Archive for February, 2022

Looplessly simple

February 22, 2022 1 comment

PWC#153 is asking us to do two things that are almost comically simple, given we omit loops.

Task one would like us to output the first 10 left factorials.

sub MAIN() {
    my \leftfact = [\+] 0, 1, * * ++$ … ∞;
    say leftfact[1..10];

I’m doing so by writing down the definition of left factorials as a sequence and then indexing into the resulting lazy list.

In the 2nd task we need to check if the sum of the factorials of a digit equal that number.

sub MAIN(Int() $n) {
    my \fact = 1, * * ++$ … ∞;
    say fact[$n.comb].sum == $n ?? 1 !! 0

Again, I write down the definition of a factorial to get a lazy list in return. Then I can index into that list with a list of chars. Thankfully, Raku is considered enough to turn that list of chars into Ints for me. The sum is then checked against the whole number.

If you wonder what numbers are factorions, we can calculate them all.

my \fact = 1, * * ++$ … ∞;
.say for (^∞).hyper(:batch(1000)).grep({ fact[.comb].sum == .Int });

Hypering and sequences don’t really mix. State variables even less so. Luckily we only ever need the factorials of 0 to 10. I prime the lazy list with those values and happily hyper away.

I had a peak into the solutions on Rosattacode for left factorials. While scrolling past so many loops I had to think of Mr T.

Categories: Raku

Fuzzy commands

February 9, 2022 1 comment

Reading can make one learned. Today I had a peak into lizmat´s new module shorten-sub-commands and learned about Parameter.constraint_list. We need this method to introspect a routines literal parameters.

augment class Parameter {
    method literal {
        ! && !self.named && self.type ~~ Str|Numeric && self.constraint_list == 1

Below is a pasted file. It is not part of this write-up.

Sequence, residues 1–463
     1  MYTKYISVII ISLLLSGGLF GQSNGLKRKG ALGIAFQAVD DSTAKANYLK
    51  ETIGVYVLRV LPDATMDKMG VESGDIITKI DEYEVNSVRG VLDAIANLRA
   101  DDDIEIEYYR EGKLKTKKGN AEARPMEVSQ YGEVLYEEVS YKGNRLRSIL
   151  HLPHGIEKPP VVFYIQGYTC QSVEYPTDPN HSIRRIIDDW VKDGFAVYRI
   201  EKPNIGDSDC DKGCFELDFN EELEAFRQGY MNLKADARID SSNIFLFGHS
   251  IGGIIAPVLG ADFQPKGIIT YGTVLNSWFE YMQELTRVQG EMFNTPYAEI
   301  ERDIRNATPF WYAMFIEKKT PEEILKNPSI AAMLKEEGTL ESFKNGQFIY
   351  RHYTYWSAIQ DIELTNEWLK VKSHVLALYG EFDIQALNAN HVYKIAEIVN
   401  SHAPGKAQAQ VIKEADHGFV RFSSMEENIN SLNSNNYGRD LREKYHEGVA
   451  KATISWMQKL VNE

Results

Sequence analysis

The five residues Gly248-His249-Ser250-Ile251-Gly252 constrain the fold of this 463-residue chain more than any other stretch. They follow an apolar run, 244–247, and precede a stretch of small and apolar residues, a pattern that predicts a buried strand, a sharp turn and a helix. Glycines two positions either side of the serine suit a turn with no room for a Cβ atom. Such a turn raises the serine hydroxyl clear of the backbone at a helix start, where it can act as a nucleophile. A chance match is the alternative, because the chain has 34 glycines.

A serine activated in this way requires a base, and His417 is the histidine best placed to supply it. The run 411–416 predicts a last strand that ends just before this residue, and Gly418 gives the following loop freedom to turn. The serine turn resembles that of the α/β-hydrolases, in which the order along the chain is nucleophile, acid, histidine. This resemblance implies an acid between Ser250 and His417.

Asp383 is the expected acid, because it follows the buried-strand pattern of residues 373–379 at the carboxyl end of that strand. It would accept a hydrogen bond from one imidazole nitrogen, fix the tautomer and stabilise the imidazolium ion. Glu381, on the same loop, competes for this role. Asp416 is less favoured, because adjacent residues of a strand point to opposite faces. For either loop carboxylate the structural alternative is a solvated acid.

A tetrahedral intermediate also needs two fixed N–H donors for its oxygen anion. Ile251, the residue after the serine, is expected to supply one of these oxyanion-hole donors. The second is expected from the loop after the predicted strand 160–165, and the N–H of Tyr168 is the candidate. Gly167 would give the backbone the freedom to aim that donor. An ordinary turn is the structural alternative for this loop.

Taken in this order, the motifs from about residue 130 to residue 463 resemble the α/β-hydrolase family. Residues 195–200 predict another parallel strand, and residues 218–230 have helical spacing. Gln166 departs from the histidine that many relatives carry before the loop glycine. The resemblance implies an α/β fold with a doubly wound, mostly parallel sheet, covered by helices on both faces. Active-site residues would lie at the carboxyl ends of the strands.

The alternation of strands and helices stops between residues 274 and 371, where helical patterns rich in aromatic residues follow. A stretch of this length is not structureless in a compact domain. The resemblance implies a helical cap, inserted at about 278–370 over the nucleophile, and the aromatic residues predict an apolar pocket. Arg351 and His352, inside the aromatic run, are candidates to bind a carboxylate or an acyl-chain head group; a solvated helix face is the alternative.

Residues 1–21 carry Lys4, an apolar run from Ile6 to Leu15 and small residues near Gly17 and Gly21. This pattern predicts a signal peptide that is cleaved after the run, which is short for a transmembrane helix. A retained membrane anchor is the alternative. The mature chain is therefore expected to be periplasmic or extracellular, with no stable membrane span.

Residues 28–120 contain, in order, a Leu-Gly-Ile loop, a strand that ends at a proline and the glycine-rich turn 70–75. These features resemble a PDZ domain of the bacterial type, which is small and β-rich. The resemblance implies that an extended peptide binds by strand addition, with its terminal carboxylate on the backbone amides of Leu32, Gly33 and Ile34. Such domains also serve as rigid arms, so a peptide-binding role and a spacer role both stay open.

?? self.constraint_list.head
            !! Nil

multi sub foo('literal', 42) { }
multi sub foo($not-a-literal, 42) { }
.say for &foo.candidates».signature».params».literal;

# OUTOUT: (literal 42)
#         (Nil 42)

We can generalise lizmat´s idea of transforming command line arguments.

multi sub MAIN('foo', |c) { say 'foo', @*ARGS[0] }
multi sub MAIN('Barbara', |c) { say ['bar', @*ARGS[0]] }

sub transform-first-arg(Mu:D $test is raw, &mapper) {
    &MAIN.add_dispatchee: sub (Str:D $subcommand, |c) is hidden-from-USAGE {
        my &this-candidate := &?ROUTINE;
        my @real-subcommands = &MAIN.candidates.grep(* !=:= &this-candidate)».signature».params».[0]».literal;
        if $subcommand ~~ $test {
            MAIN(mapper($subcommand), |c)

transform-first-arg({ .lc.contains(<fo ba>.any) }, { .trans: ['fo', /:i ba.*/] => ['foo', 'Barbara'] });

This program is now very generous when it comes to it’s first argument. Even !./% bAR will result in the right MAIN-candidate to be called.

I used augment because this doesn’t feel like an ENODOC. One needs to know quite a lot of the internal workings of Parameter to make use of method constraint_list. We may have to support more then just string and numeral literals in the future. So maybe there is a PR in order.

Categories: Raku